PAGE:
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The Fight Against Spam, Part 1

by FJ de Kermadec
05/14/2004

Spam has become a supreme annoyance on the Internet. Everyone has to deal with it, just as everyone has to deal with telemarketers and mail-order catalogs in the real world.

However, assuming that we cannot get totally rid of it, spam can, to a large extent, be avoided by following a few simple rules. My goal in this series of three articles is not to provide you with the ultimate, fool-proof anti-spam strategy. Why? Because there isn't one, and I would be lying to you if I wrote that there was. What I will try to do is to list a few common-sense, easy-to-follow rules that should allow you to spend most of your time on the Web without having to worry.

In the first part of this series, we're going to focus on defining spam -- not an easy task, despite the appearances -- and see how you can start fighting against it. Once you have followed these steps, you will be just in time to read the following installments that focus on fine-tuning our strategy. They also feature an exclusive interview with Kim Silverman, principal research scientist and manager of spoken-language technologies at Apple, about Mail.app's junk-mail filtering capabilities.

Before We Start

As in my previous article, "A Security Primer for Mac OS X," let me remind you that your own needs may vary from what is listed here. This article is intended for home users and small businesses, but multinational companies or users who handle an unusual amount of mail every day will probably want to seek professional help and to rely on custom hardware and software solutions.

What Is Spam, Anyway?

When we say "spam" here on the Mac DevCenter, we rarely speak about the "tinned luncheon meat made largely from pork, developed in 1937."

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The definition of spam varies greatly from user to user, therefore raising issues in the detection and reporting processes. However, mails that have been sent to multiple users without their prior consent is generally considered to be spam.

An email sent on your request or sent to you specifically -- by a relative, a coworker, or someone who wants to hurt you in some way -- is technically not spam, although it can be just as dangerous and bothersome.

Emails sent by viruses in order to propagate themselves are usually not considered spam, although they can have a similar effect -- and be sometimes even worse, since their attachments weigh a lot and eat precious bandwidth.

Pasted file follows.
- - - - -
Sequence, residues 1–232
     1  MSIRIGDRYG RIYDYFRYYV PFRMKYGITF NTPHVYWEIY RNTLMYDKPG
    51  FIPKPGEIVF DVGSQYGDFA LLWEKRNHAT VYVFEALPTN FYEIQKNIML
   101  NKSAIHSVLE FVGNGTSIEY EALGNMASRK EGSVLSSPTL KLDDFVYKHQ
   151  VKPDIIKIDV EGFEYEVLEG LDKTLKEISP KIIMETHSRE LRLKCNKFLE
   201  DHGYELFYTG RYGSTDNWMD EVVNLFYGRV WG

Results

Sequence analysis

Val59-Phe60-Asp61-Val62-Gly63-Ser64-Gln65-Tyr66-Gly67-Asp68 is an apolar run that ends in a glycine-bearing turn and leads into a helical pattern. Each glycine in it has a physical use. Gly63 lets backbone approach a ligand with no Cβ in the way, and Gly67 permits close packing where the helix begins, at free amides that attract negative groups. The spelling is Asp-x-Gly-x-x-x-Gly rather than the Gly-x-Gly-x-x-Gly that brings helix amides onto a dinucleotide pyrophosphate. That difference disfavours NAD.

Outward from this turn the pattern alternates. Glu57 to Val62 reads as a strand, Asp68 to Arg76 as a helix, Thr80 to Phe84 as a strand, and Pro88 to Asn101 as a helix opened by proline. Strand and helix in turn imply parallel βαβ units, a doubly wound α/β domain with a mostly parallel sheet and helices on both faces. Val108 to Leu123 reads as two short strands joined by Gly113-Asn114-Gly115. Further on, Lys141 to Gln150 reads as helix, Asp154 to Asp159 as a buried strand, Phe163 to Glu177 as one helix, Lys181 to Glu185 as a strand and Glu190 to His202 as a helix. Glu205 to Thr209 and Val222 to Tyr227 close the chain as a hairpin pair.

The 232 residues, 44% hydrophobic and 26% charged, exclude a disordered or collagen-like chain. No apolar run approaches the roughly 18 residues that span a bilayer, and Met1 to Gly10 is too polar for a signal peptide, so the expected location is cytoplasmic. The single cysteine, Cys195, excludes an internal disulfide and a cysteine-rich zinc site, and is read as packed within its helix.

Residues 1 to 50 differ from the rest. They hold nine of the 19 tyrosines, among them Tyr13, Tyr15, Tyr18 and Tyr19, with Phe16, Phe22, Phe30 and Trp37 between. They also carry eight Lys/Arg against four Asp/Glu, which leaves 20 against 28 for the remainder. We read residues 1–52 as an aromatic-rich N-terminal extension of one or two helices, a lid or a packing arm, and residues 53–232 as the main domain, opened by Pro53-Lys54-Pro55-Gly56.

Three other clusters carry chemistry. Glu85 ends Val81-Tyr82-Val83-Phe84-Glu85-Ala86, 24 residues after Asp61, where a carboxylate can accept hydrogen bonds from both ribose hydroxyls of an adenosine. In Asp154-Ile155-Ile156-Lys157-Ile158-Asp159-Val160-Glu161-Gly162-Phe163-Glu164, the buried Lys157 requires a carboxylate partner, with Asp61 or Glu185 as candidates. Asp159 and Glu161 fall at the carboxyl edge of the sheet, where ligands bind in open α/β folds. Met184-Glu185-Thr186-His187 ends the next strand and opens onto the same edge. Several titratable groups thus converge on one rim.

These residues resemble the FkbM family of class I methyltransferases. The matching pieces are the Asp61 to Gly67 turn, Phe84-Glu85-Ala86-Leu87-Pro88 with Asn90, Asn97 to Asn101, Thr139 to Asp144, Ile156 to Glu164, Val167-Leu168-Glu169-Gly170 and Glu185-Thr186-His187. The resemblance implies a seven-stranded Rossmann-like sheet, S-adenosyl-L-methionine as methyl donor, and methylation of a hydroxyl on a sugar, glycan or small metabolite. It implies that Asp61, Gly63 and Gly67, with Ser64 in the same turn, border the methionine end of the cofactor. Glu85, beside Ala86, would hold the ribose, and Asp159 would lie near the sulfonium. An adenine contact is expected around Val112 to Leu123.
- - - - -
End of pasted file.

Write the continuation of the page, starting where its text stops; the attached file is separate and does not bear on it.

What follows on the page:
Notifications sent to you by an overzealous provider about network status, bounces, delivery failures, and viruses are not technically spam, either.

Bounced spam is trickier: a spammer may have impersonated you and you are just receiving emails that did not reach their destinations or were bounced back by users. While you are technically not directly spammed, it is important to react quickly since the situation can quickly become unbearable.

Is There Such a Thing as Legitimate Spam?

In a way, yes -- although it probably shouldn't be called spam in this case, but "bulk mail." Many, if not most, web sites will ask you whether or not you will allow their "partners" to send "information" and "promotional offers" to the email address you provide to them.

As soon as you give your consent and allow multiple companies to use your address, the advertisers sending you mail are not necessarily at fault -- unless you can prove that they are sending you mails that pose a threat to the normal operation of your network or computer.

Most countries have specific laws regarding the use of contact information by third-party companies, making it difficult to establish what is and is not legal in your area. As a general rule, however, you can expect a site to follow the rule of the country it is located in, and not yours, even if it is stricter. That's why you should always have a look at where the company you are dealing with is located. A few countries ask foreign companies doing online business on their territory to follow local regulations, but unfortunately, the lack of a worldwide law enforcement system in such matters makes it almost impossible. Whether this is a bad or a good thing I don't know.

Usually, legal "spam" (notice the quotes) can be stopped: simply ask the company that sends it to you to stop, and it should work. If you do not want to receive the O'Reilly newsletter, contact O'Reilly: this will work much better than setting filters for it in your mail client.